This novel was for me a most delightful find. My knowledge of cummings until now was limited entirely to his poetry. I did not realise that Cummings (Edward Estlin Cummings, American, 1894-1962) was also a poet, painter, essayist, author and playwright.
Indeed, to my mind this autobiographical novel is largely poetry written as prose.
The novel opens with a (factual) letter from his father to President Woodrow Wilson, begging help in finding news of both his son and friend, who were arrested while volunteering with the French during WWI. Cumming’s father had received various notifications from French officials regarding his son, including one stating he was dead.
The novel proper begins in October 1917, when both cummings and his friend are arrested. Fluent in French, cummings had volunteered for the ambulance corp, along with his friend, who is only ever referred to as B. (Both were arrested pending investigation as traitors, following letters written by B to relatives back in America, which a censor thought too critical of the war. B wrote of ‘war weariness’. Despite being detained for over four months, cummings was never charged.)
As evidenced by the chapter headings, the plot of the novel is based loosely on Pilgrim’s Progress. Cummings and B are sent – separately –to La Ferté-Macé, where he remained for over four months, as the commissioners in charge of reviewing cases had departed on leave. At the prison cummings shares a room with some 30 other prisoners – the enormous room of the title. The room also becomes a metaphor for where cummings stores his memories; cummings writes of how the prisoners who shared his cell live on in the enormous room of his mind.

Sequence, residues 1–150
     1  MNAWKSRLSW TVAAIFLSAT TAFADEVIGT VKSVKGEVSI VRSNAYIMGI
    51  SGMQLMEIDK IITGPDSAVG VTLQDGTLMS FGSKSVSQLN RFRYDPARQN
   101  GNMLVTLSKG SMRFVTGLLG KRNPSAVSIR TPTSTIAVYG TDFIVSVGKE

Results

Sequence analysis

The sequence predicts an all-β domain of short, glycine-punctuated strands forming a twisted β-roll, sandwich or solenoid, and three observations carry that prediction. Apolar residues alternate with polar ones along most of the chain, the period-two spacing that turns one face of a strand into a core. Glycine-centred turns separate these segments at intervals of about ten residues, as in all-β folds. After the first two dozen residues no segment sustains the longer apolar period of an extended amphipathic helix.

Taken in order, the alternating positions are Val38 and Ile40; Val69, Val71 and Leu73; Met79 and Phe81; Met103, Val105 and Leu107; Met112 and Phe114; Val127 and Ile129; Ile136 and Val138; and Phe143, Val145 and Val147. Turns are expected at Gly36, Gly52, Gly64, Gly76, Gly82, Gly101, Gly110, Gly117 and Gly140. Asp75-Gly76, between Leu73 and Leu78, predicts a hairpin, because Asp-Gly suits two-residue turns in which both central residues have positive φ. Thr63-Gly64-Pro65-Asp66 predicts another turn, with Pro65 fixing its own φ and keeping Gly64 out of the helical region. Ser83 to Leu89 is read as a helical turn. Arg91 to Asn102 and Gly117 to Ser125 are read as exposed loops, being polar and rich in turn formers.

From the background and characters of those imprisoned with him, cummings weaves a pathos against an unescapable backdrop of the absurd. Amongst those sharing his cell are such personalities as The Count, One-Eyed David, The Mexique, The Fighting Sheeney, the Machine-Fixer and Jean le Negre.
A sense of humour and irony and runs through the work. The levity is so lightly that it is only on the second reading that the true horrors of cummings’ predictament outweigh the detached air of an ironic intellectual facing the absurd. Indeed, his first letters home are both reassuring and ironical: “days spent with an inimitable friend in soul stretching probings of aethetices, 10 hour nights (9pm-6,45 am) and fine folk to converse in five or six languages beside you – perfection attained at last.”
The Enormous Room also belongs a generation of American writers who, to foreign eyes at least, no longer exist: writers were multilingual and trans-cultural, travelling the world and volunteering in various wars and conflicts – such as Hemmingaway in A Farewell to Arms.
The style of The Enormous Room, however, remains cummings’ entirely, producing such gems as:
rain did, from time to time, not fall
from time to time a sort of unhealthy almost-light leaked from the large uncrisp corpse of the sky
a spic, not to say span, gentleman
gently worried about himself, delicately worried about the world
He contemplated me with a natural, under the circumstances, curiosity. He even naively contemplated me. As if I were hay. My hay-coloured head perhaps pleased him, as a hippopotamus. He would perhaps eat me. He grunted, exposing tobacco-yellow tusks, and his tiny eyes twittered.
A century on from the First World War, cummings’ The Enormous Room remains remarkably fresh and modern. The suspicion, the backstabbing, the corruption, the stupidity, the futility, the over-arching dominance of protocol and management: cummings writes of a world that is all too familiar.
In 1926 F. Scott Fitzgerald wrote: “Of all the work by young men who have sprung up since 1920 one book survives—The Enormous Room by e. e. cummings. Those few who cause books to live have not been able to endure the thought of its immortality.”
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